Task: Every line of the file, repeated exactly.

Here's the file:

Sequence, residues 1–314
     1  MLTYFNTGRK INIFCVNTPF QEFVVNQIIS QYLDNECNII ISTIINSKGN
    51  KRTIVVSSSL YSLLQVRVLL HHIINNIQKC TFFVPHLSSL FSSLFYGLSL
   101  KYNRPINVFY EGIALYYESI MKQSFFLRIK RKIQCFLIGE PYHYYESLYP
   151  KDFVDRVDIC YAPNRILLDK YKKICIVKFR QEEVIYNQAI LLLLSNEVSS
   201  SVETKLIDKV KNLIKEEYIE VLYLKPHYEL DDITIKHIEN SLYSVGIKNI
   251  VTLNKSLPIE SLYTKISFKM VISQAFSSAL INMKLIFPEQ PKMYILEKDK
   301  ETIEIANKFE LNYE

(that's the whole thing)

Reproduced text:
Sequence, residues 1–314
     1  MLTYFNTGRK INIFCVNTPF QEFVVNQIIS QYLDNECNII ISTIINSKGN
    51  KRTIVVSSSL YSLLQVRVLL HHIINNIQKC TFFVPHLSSL FSSLFYGLSL
   101  KYNRPINVFY EGIALYYESI MKQSFFLRIK RKIQCFLIGE PYHYYESLYP
   151  KDFVDRVDIC YAPNRILLDK YKKICIVKFR QEEVIYNQAI LLLLSNEVSS
   201  SVETKLIDKV KNLIKEEYIE VLYLKPHYEL DDITIKHIEN SLYSVGIKNI
   251  VTLNKSLPIE SLYTKISFKM VISQAFSSAL INMKLIFPEQ PKMYILEKDK
   301  ETIEIANKFE LNYE